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New Day

Clarissa Ward Returns To Afghanistan 1 Year After Kabul Falls; Sandy Hook Mom Who Won Against Alex Jones Speaks On Verdict; First Look At Johnny Depp As King Louis XV; Disney+ Raises Prices, Tops Netflix In Subscribers; Jordan Jersey From 1998 Final Expecting $5M At Auction. Aired 7:30-8a ET

Aired August 11, 2022 - 07:30   ET



CLARISSA WARD, CNN SENIOR INTERNATIONAL CORRESPONDENT: Who were trying to speak out on behalf of girls have either been forced to leave the country or are forced to abandon that type of activity because it can potentially be dangerous for them and for their families.

JOHN BERMAN, CNN ANCHOR: Clarissa, a couple of things that sort of related here. I'm curious if in why the Taliban wants you there, what do they want to show the world today, one year later, and just one year later, you know, the airport, you spent so much time at the airport one year ago was thousands, and thousands of people trying to get out. Is that backup operational and open?

WARD: The airport is operational again, we flew a commercial airline in, it's a pretty normal process. You go through passport control, you go through customs, you collect your baggage, you leave the airport, some of the walls that were dubbed with basically slogans about democracy and freedom, during the time before the Taliban took power, have now been replaced with Islamic slogans and symbols. But also we saw outside the Ministry of Foreign Affairs yesterday, an interesting one which says, you know, the Islamic Emirate of Afghanistan wants peaceful and prosperous relations with the world.

So far, Afghanistan, under the Taliban leadership is not recognized by a single country. And while the Taliban does seem to understand that, that presents real challenges for them, and real problems for them, particularly in terms of securing the funding, and the investment, and the help with development that they so desperately need, they are not yet willing to basically adopt the more pragmatic stances that they had always promised to their people and to the international community. And so they remain rigid on these areas like female education, despite not even trying to claim that there is anything in Islam that prevents women and girls from achieving education, they are still very unflexible in terms of trying to adapt that more conciliatory pragmatic approach that I just referred to.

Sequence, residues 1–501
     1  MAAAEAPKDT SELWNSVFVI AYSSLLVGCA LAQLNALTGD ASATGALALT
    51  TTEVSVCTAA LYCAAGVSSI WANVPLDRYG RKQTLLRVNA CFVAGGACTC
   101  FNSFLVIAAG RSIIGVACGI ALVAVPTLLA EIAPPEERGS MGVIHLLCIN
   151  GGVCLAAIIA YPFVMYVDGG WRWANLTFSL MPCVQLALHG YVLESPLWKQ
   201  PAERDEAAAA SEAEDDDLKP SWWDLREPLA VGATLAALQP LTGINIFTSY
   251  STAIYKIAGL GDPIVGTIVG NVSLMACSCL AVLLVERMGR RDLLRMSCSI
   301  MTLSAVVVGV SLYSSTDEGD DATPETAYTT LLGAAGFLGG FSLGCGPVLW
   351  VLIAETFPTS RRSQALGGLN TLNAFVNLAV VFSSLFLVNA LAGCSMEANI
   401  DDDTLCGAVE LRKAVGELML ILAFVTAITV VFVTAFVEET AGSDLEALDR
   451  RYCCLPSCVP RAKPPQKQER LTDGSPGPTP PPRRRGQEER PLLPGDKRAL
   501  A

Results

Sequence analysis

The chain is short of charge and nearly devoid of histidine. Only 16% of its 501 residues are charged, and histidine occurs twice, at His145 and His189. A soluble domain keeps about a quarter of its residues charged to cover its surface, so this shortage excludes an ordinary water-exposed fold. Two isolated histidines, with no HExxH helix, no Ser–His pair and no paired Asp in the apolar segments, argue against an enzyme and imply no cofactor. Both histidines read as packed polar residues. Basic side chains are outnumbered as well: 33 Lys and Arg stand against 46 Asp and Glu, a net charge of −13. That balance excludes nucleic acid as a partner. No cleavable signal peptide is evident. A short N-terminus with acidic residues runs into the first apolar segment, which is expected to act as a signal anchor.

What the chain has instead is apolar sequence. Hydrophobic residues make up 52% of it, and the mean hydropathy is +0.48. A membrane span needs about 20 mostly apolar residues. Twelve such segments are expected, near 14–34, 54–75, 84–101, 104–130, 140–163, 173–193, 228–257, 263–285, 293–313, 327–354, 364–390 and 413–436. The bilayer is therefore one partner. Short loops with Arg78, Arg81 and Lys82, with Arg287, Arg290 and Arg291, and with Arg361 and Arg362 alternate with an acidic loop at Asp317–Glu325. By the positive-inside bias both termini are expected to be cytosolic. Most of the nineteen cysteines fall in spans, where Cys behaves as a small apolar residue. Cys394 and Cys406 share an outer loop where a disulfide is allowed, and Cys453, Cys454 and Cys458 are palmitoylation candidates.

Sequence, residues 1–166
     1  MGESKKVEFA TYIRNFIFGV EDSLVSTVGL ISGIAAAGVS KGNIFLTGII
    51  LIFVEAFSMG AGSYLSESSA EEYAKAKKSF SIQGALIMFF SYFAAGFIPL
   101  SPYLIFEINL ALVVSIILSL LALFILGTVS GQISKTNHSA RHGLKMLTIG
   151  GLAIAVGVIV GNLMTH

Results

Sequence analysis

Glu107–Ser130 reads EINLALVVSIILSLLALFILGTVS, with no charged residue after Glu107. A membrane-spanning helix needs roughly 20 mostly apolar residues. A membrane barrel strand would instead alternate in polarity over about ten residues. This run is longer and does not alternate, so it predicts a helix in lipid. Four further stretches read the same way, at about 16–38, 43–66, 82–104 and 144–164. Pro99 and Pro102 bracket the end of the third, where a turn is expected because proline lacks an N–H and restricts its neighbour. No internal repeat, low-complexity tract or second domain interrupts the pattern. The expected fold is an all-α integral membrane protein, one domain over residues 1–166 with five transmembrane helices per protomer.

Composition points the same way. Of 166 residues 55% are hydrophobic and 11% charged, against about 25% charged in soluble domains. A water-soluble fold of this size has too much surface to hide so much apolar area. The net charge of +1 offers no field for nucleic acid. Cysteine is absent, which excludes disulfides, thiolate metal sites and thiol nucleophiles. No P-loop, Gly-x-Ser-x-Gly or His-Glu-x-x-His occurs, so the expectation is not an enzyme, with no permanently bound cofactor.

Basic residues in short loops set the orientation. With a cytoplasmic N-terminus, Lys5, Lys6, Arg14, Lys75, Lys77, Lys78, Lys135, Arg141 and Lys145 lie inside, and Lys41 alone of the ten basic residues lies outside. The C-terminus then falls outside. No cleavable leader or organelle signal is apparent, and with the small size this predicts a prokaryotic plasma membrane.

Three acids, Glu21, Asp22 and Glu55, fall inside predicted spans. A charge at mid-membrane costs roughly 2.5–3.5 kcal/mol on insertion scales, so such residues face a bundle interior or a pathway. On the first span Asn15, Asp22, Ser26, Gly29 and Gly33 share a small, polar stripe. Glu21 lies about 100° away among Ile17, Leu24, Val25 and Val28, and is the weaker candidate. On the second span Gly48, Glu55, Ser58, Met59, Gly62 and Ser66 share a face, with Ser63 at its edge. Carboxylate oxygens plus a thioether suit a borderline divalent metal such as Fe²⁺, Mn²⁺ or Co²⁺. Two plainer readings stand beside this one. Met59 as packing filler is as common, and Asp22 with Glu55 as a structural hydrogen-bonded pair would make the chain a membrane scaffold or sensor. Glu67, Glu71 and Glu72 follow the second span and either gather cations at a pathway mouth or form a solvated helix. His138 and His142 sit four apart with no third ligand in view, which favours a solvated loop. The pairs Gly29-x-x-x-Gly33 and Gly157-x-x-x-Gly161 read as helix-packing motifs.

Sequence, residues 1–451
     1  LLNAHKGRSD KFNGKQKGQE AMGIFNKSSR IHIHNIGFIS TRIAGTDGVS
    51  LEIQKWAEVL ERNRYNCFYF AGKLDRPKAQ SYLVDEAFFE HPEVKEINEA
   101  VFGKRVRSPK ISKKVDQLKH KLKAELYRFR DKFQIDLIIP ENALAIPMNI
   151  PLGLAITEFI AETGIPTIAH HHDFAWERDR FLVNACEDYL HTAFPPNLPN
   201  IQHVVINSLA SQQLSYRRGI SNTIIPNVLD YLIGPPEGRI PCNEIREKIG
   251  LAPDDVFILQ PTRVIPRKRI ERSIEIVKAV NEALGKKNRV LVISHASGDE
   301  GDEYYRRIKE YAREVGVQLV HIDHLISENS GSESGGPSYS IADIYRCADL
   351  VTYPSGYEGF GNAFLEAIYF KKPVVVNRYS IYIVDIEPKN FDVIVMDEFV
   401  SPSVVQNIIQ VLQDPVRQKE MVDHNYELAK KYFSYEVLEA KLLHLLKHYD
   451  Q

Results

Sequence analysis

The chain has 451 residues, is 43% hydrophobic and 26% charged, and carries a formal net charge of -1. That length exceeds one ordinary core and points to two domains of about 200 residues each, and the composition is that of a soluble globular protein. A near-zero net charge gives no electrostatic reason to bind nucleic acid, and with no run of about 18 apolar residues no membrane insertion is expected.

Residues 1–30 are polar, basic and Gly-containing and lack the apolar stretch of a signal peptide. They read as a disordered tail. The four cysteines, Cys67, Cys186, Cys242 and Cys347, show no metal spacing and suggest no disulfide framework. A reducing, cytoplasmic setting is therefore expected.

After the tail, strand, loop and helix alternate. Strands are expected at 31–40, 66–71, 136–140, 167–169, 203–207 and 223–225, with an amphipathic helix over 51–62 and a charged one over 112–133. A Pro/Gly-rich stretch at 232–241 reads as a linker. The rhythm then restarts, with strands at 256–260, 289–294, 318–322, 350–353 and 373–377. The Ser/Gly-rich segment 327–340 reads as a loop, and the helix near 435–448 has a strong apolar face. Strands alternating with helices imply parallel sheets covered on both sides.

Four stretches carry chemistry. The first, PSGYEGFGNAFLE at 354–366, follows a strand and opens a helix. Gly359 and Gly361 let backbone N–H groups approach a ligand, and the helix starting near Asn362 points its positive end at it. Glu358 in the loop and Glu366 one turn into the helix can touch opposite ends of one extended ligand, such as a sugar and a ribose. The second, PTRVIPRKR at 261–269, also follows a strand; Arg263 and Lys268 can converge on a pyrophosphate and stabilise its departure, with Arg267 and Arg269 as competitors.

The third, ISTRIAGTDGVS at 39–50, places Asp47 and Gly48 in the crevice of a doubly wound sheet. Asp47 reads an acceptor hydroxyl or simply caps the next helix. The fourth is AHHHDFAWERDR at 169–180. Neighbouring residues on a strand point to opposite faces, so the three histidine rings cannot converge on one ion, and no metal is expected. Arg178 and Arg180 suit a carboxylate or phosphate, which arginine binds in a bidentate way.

I think they want to show journalists here, two things, and they're pretty, they're pretty categorical about they don't want you to see, they want to show that life goes on, that there is law and order, that it is relatively safe. And they also want to show that the poverty that is being experienced by people here is biting, and it is real, and they want to maximize the amount of pressure that's put particularly on the U.S. to unfreeze those Federal Reserves and allow free and unfettered humanitarian aid to roll in. Obviously, many things, though, have made that a much more complex prospect than perhaps initially anticipated.

BRIANNA KEILAR, CNN ANCHOR: Well, look, it's so important to see you there, Clarissa. Year ago, I really, I'm surprised that I think a year ago if you told me that you would be there I would have been very surprised. So it is so important that you're there telling this continuing story.

Clarissa Ward, live for us in Kabul, Afghanistan.

Next, we're going to be joined by the mother of six-year-old Jesse Lewis, who was murdered at Sandy Hook Elementary. She has won a case against right-wing conspiracy theorist Alex Jones.

BERMAN: And we are awaiting the release of a key inflation report this morning as gas prices for the first time in months dropped below $4 a gallon.



KEILAR: Last week's nearly $50 million verdict against Alex Jones was far from the end of his legal battle with Sandy Hook parents and survivors. But these damages are just a drop in the bucket compared to the size of the entire misinformation economy that he helped grow.

John Avlon, with our Reality Check.